I feel 'Urgh, just by the skin of the teeth'," says Jones. "Our usual garrulous rubbish," says Cleese.
Tales of the Grail
Your number's up...
Deaths suffered by Terry Gilliam: 2
Total hairdressing bill: £505.10
Characters played by the Python team: 38
Dead bodies: 28
Limbs/heads severed: 6
University students employed as virgins: 19
Nuns with hammers: 4
Total special effects budget: £5,388.78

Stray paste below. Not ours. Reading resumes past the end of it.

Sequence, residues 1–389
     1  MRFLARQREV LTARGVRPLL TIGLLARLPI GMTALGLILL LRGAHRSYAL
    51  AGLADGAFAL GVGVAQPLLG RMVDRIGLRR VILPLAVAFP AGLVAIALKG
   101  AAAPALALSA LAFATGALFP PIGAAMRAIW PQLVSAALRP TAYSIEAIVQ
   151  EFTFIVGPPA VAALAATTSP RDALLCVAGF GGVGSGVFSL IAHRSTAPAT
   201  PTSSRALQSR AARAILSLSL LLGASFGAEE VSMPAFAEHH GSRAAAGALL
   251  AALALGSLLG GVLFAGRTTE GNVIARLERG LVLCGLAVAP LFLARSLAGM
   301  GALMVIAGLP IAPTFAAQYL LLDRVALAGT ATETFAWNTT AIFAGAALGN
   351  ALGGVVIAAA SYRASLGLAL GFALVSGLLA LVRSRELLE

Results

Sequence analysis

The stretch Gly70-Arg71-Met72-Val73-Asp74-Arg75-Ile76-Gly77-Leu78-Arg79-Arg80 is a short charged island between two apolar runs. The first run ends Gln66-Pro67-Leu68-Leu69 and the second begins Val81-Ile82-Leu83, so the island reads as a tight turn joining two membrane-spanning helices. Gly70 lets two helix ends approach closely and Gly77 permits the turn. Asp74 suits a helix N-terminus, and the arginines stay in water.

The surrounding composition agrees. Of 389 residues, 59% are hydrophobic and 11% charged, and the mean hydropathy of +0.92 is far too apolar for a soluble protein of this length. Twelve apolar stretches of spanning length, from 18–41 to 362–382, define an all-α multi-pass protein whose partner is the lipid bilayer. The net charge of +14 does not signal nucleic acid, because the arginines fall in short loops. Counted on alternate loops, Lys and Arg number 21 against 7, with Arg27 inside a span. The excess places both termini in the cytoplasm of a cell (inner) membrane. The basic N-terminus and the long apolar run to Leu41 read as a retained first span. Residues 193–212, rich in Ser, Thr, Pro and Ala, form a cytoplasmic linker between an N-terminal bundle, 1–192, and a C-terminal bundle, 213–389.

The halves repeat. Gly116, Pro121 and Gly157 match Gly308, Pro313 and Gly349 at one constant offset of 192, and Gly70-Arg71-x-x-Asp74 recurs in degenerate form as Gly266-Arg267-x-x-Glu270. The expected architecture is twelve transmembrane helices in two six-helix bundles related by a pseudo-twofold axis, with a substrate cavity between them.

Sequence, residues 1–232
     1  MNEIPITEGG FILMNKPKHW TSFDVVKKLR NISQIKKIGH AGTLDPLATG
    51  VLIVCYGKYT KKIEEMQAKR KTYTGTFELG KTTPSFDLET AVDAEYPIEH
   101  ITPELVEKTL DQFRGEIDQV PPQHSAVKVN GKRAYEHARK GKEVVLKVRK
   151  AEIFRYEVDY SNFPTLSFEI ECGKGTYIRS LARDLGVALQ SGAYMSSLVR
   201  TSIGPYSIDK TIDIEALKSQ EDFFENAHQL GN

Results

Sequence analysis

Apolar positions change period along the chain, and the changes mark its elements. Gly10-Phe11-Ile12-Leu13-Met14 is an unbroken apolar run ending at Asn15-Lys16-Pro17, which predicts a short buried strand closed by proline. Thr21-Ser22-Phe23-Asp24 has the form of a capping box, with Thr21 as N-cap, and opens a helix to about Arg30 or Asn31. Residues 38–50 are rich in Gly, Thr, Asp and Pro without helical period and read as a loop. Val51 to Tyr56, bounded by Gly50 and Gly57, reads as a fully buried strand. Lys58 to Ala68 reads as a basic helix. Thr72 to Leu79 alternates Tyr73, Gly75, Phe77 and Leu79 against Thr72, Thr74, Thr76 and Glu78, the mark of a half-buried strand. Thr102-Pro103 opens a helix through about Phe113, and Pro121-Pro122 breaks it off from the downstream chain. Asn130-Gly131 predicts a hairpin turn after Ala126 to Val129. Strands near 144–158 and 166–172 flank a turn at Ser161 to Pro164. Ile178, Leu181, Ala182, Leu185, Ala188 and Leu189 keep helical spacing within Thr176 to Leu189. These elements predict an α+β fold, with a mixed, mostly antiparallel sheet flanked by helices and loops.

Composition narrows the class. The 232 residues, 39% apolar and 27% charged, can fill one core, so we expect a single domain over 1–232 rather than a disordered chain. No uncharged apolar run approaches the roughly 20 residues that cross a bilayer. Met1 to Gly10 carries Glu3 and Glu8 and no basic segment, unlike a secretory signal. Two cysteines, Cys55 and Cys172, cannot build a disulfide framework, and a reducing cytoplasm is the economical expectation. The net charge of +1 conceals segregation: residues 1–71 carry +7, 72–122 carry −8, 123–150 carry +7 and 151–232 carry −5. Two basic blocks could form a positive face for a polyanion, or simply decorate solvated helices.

Takes of historian's death scene filmed before satisfactory blood effect achieved: 10
Ducks, chickens and cats utilised: 12
Moose references in the opening credits: 13
Llamas credited as co-directors: 7,695
Exclamations of 'Ni': 55
Pages killed by real or catapulted trojan animals: 2
Cost of power supply and generation during filming: £126.10
Height of giant rabbit: 18 ft.
Film crew's Budget Rent-A-Vans left undamaged: 0
Taunts and terms of abuse by Outrageous Frenchmen: 40
Payment received per day by extras: £2
Current monthly return from a 1 per cent stake in the film: £5,000
Gorilla's hands: 1
Times per second a swallow needs to beat its wings to maintain velocity: 493